My edition of Eric's book even has cover art by a Joyce -- the visual artist Linda Joyce Franks.
Friday, October 20, 2017
Although most of the books I read are ones I've never read before, I do have the habit of re-reading books that I consider classics, or at least particularly enjoy. I've read Illuminatus! several times and other RAW books more than once. I re-read Gene Wolfe's Book of the New Sun about a year ago. And now I'm re-reading Tolkien's The Lord of the Rings. (As I write this, I'm nearing halfway through The Fellowship of the Ring.)
There are references to The Lord of the Rings in Illuminatus! For example, Epicene Wildeblood, describing a review he is preparing for a book that sounds very much like Illuminatus!, proudly trots out the insults in the text, including, "If the Lord of the Rings is a fairy tale for adults, sophisticated readers will quickly recognize this monumental miscarriage as a fairy tale for paranoids."
Both "trilogies" are in fact a single literary work, published in three volumes for economic reasons. Both can be described as works of fantasy. Both have appendices. I'm just guessing, but I wonder if Wilson and Shea worked in references to Tolkien because they hoped Illuminatus! would become an instant classic on the order of The Lord of the Rings.
Thursday, October 19, 2017
A natural followup to yesterday's review of an important antiwar book, Scott Horton's Fool's Errand, is the recent Peter Quadrino blog posting/essay, "Waging Peace from the Inkbattle House: Finnegans Wake in the Shadow of War." The essay posted on the blog is actually the full version of the presentation PQ made at a Joyce conference.
As we seem to be in a time of endless war, as highlighted by Horton's book, with the possibility of worse to come, PQ's discussion of the composition of Finnegans Wake on the eve of World War II seems timely.
As is usual with PQ, he pays careful attention to the text:
Shem the Penman, emblematic of the author of the Wake, composes “o peace a farce” (FW 14), a piece of farcical art that is a force for peace, leading us to wonder “Is the Pen Mightier Than the Sword?” (FW 306) Hiding up in his “inkbattle house” (FW 176), Shem cunningly attacks the powers of “awethorrorty” (FW 516) with his comedic art ...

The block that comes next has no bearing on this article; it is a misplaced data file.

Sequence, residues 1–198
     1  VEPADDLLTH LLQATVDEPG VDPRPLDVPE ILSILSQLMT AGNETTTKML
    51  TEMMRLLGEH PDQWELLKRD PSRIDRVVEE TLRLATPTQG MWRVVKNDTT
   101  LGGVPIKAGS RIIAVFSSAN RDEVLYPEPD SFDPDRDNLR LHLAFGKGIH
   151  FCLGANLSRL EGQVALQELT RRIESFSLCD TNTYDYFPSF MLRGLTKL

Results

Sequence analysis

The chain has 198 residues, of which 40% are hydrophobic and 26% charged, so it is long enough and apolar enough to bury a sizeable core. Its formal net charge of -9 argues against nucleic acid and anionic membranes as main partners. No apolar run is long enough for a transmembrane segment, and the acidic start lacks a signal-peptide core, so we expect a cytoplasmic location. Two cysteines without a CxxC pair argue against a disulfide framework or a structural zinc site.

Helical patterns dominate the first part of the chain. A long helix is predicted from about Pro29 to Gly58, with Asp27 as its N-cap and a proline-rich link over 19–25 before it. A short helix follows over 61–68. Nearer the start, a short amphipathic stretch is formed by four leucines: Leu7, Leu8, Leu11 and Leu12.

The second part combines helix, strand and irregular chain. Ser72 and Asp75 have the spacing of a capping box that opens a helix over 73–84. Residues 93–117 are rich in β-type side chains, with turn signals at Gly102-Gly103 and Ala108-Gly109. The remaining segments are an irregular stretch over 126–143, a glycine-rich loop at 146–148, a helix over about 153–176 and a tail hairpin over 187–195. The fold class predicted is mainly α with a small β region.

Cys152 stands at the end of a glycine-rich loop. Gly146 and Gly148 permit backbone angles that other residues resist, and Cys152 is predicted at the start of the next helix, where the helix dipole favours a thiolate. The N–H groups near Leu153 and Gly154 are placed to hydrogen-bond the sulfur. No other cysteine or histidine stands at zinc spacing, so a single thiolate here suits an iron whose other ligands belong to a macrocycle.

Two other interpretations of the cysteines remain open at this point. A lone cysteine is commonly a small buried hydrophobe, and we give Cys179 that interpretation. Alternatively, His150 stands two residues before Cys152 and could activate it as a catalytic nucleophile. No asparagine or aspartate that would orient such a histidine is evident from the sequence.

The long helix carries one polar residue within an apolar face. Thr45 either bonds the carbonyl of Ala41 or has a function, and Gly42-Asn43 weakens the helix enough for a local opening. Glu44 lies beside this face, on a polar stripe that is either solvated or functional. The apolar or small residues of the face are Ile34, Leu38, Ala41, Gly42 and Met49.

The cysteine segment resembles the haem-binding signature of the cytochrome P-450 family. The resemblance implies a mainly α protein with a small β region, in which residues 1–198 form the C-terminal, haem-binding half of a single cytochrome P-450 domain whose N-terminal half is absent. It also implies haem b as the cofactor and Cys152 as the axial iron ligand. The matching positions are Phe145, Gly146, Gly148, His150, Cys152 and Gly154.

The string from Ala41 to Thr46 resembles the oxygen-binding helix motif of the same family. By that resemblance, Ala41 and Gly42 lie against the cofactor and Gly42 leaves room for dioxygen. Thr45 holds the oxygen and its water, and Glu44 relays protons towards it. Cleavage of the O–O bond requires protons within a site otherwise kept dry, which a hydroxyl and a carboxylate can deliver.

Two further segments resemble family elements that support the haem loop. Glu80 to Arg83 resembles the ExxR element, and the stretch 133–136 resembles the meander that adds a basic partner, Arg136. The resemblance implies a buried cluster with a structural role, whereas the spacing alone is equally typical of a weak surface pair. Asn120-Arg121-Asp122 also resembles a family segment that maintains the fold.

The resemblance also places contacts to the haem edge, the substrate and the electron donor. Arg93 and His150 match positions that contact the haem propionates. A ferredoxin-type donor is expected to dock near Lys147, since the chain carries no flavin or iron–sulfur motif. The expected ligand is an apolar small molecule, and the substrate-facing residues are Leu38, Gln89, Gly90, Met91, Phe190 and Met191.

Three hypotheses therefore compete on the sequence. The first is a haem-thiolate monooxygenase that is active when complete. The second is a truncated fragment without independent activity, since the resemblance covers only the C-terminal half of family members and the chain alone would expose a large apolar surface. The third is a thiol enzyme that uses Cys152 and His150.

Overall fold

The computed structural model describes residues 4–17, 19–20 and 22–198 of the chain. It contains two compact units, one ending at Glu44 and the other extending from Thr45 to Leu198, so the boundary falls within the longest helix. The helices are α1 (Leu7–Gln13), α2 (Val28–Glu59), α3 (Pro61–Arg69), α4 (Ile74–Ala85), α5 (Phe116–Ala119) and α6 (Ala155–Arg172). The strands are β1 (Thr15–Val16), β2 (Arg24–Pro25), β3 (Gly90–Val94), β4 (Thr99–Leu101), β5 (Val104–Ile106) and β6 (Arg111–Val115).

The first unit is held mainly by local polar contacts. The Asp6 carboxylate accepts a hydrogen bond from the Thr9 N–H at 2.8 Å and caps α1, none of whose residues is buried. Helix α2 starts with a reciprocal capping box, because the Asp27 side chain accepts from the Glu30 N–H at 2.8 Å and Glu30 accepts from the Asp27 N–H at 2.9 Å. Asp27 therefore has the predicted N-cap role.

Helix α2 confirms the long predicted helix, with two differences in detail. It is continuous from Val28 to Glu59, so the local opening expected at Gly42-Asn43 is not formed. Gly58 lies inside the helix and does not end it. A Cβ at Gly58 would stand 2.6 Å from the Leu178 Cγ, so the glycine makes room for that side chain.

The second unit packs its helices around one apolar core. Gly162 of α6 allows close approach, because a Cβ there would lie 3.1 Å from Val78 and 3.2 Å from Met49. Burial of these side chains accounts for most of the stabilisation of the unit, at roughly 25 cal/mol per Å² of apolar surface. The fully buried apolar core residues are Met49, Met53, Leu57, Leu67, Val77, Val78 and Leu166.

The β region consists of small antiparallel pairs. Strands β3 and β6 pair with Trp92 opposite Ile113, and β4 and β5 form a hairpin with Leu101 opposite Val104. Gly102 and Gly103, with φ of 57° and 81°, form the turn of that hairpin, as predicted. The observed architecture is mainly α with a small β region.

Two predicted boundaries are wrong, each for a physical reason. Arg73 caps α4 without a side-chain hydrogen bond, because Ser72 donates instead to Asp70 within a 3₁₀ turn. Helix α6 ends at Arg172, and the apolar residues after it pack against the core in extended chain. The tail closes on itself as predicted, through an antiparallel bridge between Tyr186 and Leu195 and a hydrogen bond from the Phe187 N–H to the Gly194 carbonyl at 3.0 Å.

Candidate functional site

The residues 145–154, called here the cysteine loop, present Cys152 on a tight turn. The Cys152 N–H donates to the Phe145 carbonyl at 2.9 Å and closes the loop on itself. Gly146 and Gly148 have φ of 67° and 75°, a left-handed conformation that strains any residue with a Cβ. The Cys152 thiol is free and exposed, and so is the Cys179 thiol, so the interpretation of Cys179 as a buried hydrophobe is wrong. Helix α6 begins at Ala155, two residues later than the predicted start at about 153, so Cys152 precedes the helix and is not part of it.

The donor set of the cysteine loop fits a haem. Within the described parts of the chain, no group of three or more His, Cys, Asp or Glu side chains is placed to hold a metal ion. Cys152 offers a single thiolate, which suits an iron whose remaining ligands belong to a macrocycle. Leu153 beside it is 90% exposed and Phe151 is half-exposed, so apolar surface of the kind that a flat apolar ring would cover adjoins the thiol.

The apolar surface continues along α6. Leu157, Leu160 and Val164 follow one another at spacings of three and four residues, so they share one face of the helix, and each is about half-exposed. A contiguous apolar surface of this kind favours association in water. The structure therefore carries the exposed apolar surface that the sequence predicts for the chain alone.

Some of what PQ writes has echoes of what I've seen in the writings of Robert Anton Wilson:
The Wake’s anthropological view of warfare and militarism is always scatological, invoked right from the first page with “penisolate war” (FW 3), The Peninsular War where Wellington and Napoleon first clashed. Warfare in Finnegans Wake is reduced to a pissing contest (hence, Waterloo), having to do with the nether regions, characteristic of anal-territorial animal aggression implied by using excrement as territorial marker. As Timothy Leary liked to say, “The only intelligent way to discuss politics is on all fours.” Or as the Wake puts it, “All’s fair on all fours.” (FW 295)
Wednesday, October 18, 2017
If you lean at all toward an antiwar position -- if you are at least open to the idea that the U.S. should not fight endless Asian land wars -- you need to read Scott Horton's new book, Fool's Errand: Time to End the War in Afghanistan. I happen to agree with Horton's position, but it's also a well-researched, interesting book, a lively and interesting read.
Here are some of the things you'll learn if you read Horton's book:
• There is nothing particularly Islamic about suicide bombers. It's a tactic used by combatants who have no other means to inflict serious casualties. (
• The U.S. is no closer to defeating the Taliban now than it ever was.
• The war in Afghanistan is now the longest war the U.S. has fought.
• The U.S. could have fought a limited war to get rid of Osama bin Laden and his allies, getting out of Afghanistan within a few months.
• If you serve in the U.S. armed forces, you are not likely to be "fighting for freedom." You will be fighting to subjugate people into the American empire.
• Many U.S. allies in Afghanistan sided with the Russians during the Soviet Union's invasion. The folks in Afghanistan who oppose foreign intervention as the "bad guys" in our eyes, just as they were the baddies as far as the Russians were concerned.
• Many of the people we are killing over there are not terrorists or enemy combatants.
• As badly as the Taliban treat women, they are actually better than many of the folks we support. The Taliban at least are less tolerant of rape than many of our allies.
Horton uncovers endless outrages. I could cite numerous passages in the book; here is one. After describing how the Obama administration in 2016 sought to bolster the Afghan government by purchasing Russian MI-25 attack helicopters from India (to get around U.S. sanctions against Russia), Horton writes,
"India's continued willingness to train and equip Afghan National Army forces in their fight against the Afghan Taliban and the Haqqani Network amounted to nothing less than a 'proxy war' between India and Pakistan in Afghanistan, in the words of reporter Charles Tiefer, a proxy war in which the U.S. remains on both sides. All this virtually guarantees the Pakistani state will increase aid to their favored insurgent forces in response. The Americans could not be employing a more self-defeating strategy if sabotage was their actual goal."